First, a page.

Four times the Nois

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Four times the Nois

Nois members lay down together to promote their show.

Nois members lay down together to promote their show.

photo courtesy of Nois

Nois members lay down together to promote their show.

photo courtesy of Nois

photo courtesy of Nois

Nois members lay down together to promote their show.

Brenda Echeverria, Staff Reporter

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Nois, pronounced “noise,” is not your typical saxophone quartet. The Chicago-based group blends contemporary classical music with a mix of experimental improvisation, which left many students in Light Recital Hall surprised.

“I was not ready for that,” said freshman Ryley Dlugi.

The quartet performed six pieces that showcased everything from their precise articulation to their eccentric use of visuals, improv and even a megaphone.

During their performance, the ensemble used a megaphone to amplify the sound from one of the saxophones. They also used it as a prop by turning its siren sound on. Nois was definitely bringing the noise and students loved it.

Music education major Haley Dieter called it breathtaking and said she would see them again in a heartbeat. Other students found the ensemble to be inspiring.

“I play the saxophone and that was unreal,” said freshman Kacy Furu. “I hope to be able to do that stuff one day.”

Nois was founded in 2016 by Hunter Bockes, János Csontos, Jordan Lulloff and Brandon Quarles. The group met as graduate students at Northwestern University, where they first formed as a student quartet. They eventually transitioned from doing student competitions to forming Nois and touring the U.S.

Most of the pieces they perform have been composed by friends, and so far, they have premiered over 30 pieces.

“One of the main missions of the group is to play music by living composers today, people that accurately represent the population as a whole. And we achieve this by commissioning our friends to write pieces for us,” said Lulloff.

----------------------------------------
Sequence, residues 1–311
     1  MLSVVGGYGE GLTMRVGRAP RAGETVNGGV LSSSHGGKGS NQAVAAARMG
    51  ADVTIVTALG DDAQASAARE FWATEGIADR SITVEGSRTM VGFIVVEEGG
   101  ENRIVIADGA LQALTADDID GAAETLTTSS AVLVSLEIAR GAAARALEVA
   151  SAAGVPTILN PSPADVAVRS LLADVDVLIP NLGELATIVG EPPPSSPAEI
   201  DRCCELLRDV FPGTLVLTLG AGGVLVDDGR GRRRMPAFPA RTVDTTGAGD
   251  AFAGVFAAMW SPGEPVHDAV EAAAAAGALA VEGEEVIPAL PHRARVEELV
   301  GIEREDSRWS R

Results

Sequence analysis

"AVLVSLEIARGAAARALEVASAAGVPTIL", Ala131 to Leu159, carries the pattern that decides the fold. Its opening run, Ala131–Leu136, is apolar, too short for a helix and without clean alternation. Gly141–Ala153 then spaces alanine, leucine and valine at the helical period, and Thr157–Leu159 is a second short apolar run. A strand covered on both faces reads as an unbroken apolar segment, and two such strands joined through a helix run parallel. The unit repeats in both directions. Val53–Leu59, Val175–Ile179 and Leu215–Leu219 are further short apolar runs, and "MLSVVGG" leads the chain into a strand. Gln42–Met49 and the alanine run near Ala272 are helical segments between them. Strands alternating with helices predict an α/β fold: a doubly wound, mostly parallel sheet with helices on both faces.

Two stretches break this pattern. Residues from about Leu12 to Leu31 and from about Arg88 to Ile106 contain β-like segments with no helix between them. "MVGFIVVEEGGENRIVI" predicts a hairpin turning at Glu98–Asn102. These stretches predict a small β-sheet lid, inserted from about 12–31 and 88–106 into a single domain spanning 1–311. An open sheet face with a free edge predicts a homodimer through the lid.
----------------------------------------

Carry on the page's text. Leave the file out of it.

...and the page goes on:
Lulloff said that, on average, the feedback they receive from the audience tends to be more positive from the younger generation than the older generation. He attributed this to the open mindedness of younger people, but said it’s not the point. Nois just wants to showcase what the saxophone can do and push its boundaries.

“If you love it, that’s great. You know, come along for the ride. And if you don’t, that’s okay too,” Bockes said.

Both Lulloff and Bockes said that music has always been a part of their lives. Both of Bockes’ parents were vocalists and Lulloff’s family is full of professional saxophonists. Their passion for music was especially obvious when they improvised.

During their last piece Thirteen Changes, the ensemble played and moved around to different parts of the auditorium. The piece followed 13 lines of poetry that evoked different feelings and painted different scenarios like “a single egg motionless in the desert” and “a solitary worm in an empty coffin.” The ensemble improvised with music what the lines of poetry might feel like.

Student Dluigi said he wasn’t expecting the ensemble to move around the room and to be as experimental as they were.

“It definitely expanded my mind on what music and improv can be.”

Their performance at UW-Whitewater was their first of seven trips to Wisconsin this year. A full tour list can be found at https://www.noissaxophone.com.